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MacK v. Warden, Trenton Correctional Institution

United States District Court, D. South Carolina

August 22, 2016

Andrew Jammie Mack, #353612, Petitioner,
v.
Warden, Trenton Correctional Institution, Respondent.

          Andrew Jammie Mack, Petitioner, Pro Se.

          REPORT AND RECOMMENDATION

          THOMAS E. ROGERS, III, Magistrate Judge.

         The Petitioner, Andrew Jammie Mack ("Petitioner"), a pro se prisoner confined at Allendale Correctional Institution, filed a petition for a writ of habeas corpus pursuant to 28 U.S.C. § 2254. This matter is before the court pursuant to 28 U.S.C. § 636(b) and Local Civil Rule 73.02(B) (2)(c) DSC. Having reviewed the petition in accordance with applicable law, the court concludes that it should be summarily dismissed.

         Background of this Case[1]

         On December 19, 2012, in the Circuit Court of General Sessions for Chester County, the Petitioner pleaded guilty to "Drugs/Trafficking in ice, crank or crack - 28 g or more, but less than 100 g - 2nd offense" and "Weapons/Poss. weapon during violent crime, if not also sentenced to life without parole or death" and was sentenced to five years and seven years. Petitioner indicates that no direct appeal was filed. (Pet. at 2). Petitioner indicated that he filed an application for postconviction relief on June 25, 2013. (Case No. 2013-CP-12-00285). Petitioner indicates that the Court of Common Pleas dismissed the PCR application on February 23, 2014. The Petition states that on November 18, 2014, Petitioner filed a "Johnson Petition for Writ of Certiorari" to appeal the dismissal of his PCR application. Petitioner states a denial was received on March 18, 2015. Petitioner filed the instant habeas petition on March 11, 2016. State court public records indicate the PCR was appealed and an Order and Remittitur from the South Carolina Supreme Court were filed in the lower court on April 7, 2015.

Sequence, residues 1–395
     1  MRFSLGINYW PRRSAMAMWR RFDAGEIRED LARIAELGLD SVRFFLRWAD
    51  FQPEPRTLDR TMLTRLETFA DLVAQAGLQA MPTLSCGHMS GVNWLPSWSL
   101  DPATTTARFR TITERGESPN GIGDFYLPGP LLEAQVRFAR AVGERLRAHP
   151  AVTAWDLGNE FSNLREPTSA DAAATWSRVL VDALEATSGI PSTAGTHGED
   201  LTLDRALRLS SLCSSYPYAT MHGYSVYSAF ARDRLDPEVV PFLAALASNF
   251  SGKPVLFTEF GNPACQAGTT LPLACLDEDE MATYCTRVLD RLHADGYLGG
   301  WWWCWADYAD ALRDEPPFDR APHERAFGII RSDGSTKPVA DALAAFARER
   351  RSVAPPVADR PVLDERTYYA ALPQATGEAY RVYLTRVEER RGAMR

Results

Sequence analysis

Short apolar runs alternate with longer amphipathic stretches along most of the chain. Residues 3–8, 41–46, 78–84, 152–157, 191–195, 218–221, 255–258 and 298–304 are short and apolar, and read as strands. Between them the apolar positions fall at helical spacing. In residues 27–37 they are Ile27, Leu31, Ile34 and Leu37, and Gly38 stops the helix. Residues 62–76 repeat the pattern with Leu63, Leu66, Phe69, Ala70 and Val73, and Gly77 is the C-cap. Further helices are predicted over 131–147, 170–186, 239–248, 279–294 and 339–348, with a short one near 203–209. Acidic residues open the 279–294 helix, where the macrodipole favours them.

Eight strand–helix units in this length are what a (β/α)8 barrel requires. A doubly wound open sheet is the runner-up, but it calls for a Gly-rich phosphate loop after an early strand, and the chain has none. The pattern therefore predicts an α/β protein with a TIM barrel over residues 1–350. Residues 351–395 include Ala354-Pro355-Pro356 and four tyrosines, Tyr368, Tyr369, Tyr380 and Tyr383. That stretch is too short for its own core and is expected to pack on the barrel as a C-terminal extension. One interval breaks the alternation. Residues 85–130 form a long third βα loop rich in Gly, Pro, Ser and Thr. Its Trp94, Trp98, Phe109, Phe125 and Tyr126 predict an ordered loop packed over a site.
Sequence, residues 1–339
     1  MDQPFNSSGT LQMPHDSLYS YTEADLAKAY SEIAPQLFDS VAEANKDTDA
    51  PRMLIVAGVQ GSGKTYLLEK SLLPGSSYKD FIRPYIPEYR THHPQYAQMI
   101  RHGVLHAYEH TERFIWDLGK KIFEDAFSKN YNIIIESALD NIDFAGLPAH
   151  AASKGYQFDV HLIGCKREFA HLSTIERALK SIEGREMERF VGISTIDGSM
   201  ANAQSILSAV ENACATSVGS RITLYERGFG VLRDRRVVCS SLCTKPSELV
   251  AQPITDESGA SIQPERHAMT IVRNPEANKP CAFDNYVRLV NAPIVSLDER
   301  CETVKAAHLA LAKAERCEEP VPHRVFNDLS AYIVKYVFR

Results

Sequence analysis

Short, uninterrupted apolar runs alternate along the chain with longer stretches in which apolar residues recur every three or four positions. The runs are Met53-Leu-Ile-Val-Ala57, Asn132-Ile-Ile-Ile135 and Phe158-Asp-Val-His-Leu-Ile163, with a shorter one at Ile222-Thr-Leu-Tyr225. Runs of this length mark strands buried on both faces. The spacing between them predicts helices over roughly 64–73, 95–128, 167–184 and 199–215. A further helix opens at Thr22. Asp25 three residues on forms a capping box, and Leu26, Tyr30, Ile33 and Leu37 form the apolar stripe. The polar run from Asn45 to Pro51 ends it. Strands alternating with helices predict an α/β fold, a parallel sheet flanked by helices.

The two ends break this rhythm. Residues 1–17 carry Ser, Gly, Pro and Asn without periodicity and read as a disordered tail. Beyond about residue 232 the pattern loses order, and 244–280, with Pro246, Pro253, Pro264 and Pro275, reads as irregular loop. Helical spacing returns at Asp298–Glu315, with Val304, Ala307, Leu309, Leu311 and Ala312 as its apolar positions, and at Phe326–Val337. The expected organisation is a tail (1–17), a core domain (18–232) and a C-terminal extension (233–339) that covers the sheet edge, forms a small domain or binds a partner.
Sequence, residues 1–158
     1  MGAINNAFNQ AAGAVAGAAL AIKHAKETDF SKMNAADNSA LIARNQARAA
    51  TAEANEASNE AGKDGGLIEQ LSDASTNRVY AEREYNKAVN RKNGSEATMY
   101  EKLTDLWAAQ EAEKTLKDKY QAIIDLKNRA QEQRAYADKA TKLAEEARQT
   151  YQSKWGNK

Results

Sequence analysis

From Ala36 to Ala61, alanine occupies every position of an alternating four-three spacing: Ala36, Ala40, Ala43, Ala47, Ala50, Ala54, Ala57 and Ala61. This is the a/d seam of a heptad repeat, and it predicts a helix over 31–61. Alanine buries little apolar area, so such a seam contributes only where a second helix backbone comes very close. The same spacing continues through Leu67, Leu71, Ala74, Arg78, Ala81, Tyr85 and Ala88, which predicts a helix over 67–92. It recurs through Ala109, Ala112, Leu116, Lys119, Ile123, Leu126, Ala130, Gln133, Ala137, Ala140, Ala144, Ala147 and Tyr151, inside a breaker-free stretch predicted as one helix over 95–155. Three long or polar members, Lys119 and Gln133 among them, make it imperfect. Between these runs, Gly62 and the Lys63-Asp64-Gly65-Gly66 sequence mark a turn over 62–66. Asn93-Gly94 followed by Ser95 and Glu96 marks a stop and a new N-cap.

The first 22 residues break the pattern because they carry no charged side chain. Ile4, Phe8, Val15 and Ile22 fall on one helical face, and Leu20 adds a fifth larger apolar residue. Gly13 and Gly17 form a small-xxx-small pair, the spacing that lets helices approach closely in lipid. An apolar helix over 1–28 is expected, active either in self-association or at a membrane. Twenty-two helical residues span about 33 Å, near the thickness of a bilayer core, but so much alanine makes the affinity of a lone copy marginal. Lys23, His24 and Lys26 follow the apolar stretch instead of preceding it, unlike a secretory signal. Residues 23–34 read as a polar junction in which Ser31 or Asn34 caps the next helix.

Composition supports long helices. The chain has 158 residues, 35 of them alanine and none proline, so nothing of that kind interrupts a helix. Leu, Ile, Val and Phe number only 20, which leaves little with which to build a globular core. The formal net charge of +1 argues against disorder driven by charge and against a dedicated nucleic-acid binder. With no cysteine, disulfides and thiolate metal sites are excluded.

Since the petition in this case is untimely, in an order (ECF No. 11) dated April 20, 2016, the undersigned directed the petitioner as follows:

Upon initial review of the Petition, it appears from the face of the Petition that this case may be untimely filed. This order is notice to Petitioner that the court is considering dismissal of his case based on the running of the one-year statute of limitations. Unless the petitioner provides facts casting doubt on the issue of untimeliness of his Petition and thereby prevent dismissal based on the limitations bar, this case may be subject to dismissal.
Accordingly, Petitioner is granted twenty-one (21) days to file a factual explanation with this court to show cause why his Petition should not be dismissed based on the application of the one-year limitation period established by 28 U.S.C. § 2244(d), including but not limited to, factual dispute regarding the relevant dates of filings in state court mentioned above and/or facts supporting the application of equitable tolling. See Rouse v. Lee, 339 F.3d 238, 246 (4th Cir. 2003).

         Additionally, the Order cited law in regard to the functioning of the habeas one-year statute of limitations: